raging wildfire burns building and car
Dr. Elson Haas
written by
Dr. Elson Haas

Nov 10, 2018

Last year I put together these suggestions for protecting your health from the adverse effects of thick wildfire smoke in the air. Unfortunately here we are again! I would like to extend my heartfelt condolences to those in Northern and Southern California who have lost their homes and livelihoods in the current wildfires. And to those who are still in danger in some regions.

Some good news comes from hearing amazing stories and seeing people come together to help and protect others and share resources with those less fortunate. And at times like these, we also need to be careful and take care of ourselves to stay healthy.

If you are still in an area that has a lot of smoke, there are many things you can do to protect your body. For starters, wear a good mask when outdoors for more than a couple minutes. Be sure the mask says NIOSH and N95 or P100. These masks will provide some protection as they filter-out fine particulates, but don’t offer full protection from hazardous chemical gases, such as carbon monoxide and formaldehyde. We need to realize that when houses and properties go up in flames, everything there burns and enters our atmosphere; this includes paint and chemicals like pesticides in the garage, cleaning solvents, and literally hundreds of other products in each home. Thus, we have thousands of potential chemical toxins entering our air, and we don’t want to inhale these.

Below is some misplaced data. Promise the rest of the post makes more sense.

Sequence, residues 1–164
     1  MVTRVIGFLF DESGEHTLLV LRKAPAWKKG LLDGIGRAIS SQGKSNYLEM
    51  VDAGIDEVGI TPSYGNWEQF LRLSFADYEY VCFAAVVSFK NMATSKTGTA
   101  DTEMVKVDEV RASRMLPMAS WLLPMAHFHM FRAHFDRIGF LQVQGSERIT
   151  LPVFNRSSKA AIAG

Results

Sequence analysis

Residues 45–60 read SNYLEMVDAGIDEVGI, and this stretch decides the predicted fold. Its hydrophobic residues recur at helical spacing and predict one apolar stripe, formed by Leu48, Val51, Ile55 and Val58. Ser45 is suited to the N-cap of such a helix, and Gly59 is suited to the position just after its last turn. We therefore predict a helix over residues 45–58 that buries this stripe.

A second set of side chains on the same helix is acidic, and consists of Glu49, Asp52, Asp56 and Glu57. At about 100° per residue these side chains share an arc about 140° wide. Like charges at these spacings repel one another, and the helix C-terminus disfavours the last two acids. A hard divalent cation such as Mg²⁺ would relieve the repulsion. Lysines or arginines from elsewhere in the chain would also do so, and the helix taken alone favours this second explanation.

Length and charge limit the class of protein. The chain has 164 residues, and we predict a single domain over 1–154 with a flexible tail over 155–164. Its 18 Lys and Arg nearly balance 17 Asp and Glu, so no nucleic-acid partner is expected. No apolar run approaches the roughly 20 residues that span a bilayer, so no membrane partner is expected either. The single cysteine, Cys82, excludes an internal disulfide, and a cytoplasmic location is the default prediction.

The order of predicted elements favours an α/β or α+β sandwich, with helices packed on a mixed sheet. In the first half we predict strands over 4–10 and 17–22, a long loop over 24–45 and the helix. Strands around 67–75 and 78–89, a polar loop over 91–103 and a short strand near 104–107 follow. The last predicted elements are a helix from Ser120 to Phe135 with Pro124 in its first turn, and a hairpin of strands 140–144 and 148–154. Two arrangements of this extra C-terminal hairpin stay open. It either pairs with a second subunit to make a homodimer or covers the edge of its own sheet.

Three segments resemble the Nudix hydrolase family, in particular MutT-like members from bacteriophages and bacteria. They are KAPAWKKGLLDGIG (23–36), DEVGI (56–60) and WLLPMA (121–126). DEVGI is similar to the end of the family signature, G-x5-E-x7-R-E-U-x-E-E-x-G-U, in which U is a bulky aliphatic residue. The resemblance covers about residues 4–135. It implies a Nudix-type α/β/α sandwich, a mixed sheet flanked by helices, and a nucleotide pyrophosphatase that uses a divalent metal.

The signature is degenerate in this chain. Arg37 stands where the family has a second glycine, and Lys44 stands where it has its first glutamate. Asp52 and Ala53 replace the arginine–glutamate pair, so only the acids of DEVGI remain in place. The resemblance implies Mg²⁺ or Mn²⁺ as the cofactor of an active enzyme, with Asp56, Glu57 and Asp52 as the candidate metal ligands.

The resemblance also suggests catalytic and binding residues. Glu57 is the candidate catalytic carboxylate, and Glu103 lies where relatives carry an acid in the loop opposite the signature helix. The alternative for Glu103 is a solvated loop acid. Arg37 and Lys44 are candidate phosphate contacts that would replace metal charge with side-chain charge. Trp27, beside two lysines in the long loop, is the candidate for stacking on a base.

For respiratory protection, support, and strengthening, you might want to try some of my favorite home remedies:

First, I take some antioxidant nutrients like vitamin C (500-1,000 mgs 2-3 times daily), zinc (20-30mg daily), selenium (200mcg daily, which protects us from chemical toxins by helping form glutathione), and NAC (N-acetyl-cysteine, 500 mg twice daily).

Breathe Easy tea by Traditional Medicinals, a popular herbal tea company, can be a soothing way to support your system with a warm brew.

You could make an herbal steam by putting fresh herbs into a large bowl of hot water and breath in the vapors. You can use Rosemary, Sage, Lavender, Plantain and/or Mullein.

A good tonic to support your respiratory system is “Kick-Ass Sinus” and/or “Kick-Ass Immunity” available at Whole Foods. The primary active ingredients are Yerba Santa leaf and Baptisia root.

Essential oils can also be helpful. If you use a diffuser, you might want to try a few drops of Lavender, Rosemary, Eucalyptus, and Tea Tree. Also, doTERRA Breathe Respiratory Blend is a good option. Oils can also be used in hot water instead of fresh herbs.

If you find benefit from homeopathic remedies, Causticum 30c can help to decrease the effects of smoke inhalation.

You could do a general detox to help lessen your body of the toxicity of smoke inhalation and for general rebalancing of your system after a stressful period. And boosting your immune system with additional vitamin C and the other nutrients mentioned above can also be helpful.

Of course, there are also the emotional and psychological stressors from these extreme situations and the fallout may create challenges for months and years to come. These should not be ignored either. Seek help if you feel you, or someone you know, needs it.

Lastly, see your doctor if you have trouble breathing, are wheezing, or have new issues like fatigue or headaches.

Take good care of yourself,

Dr. Elson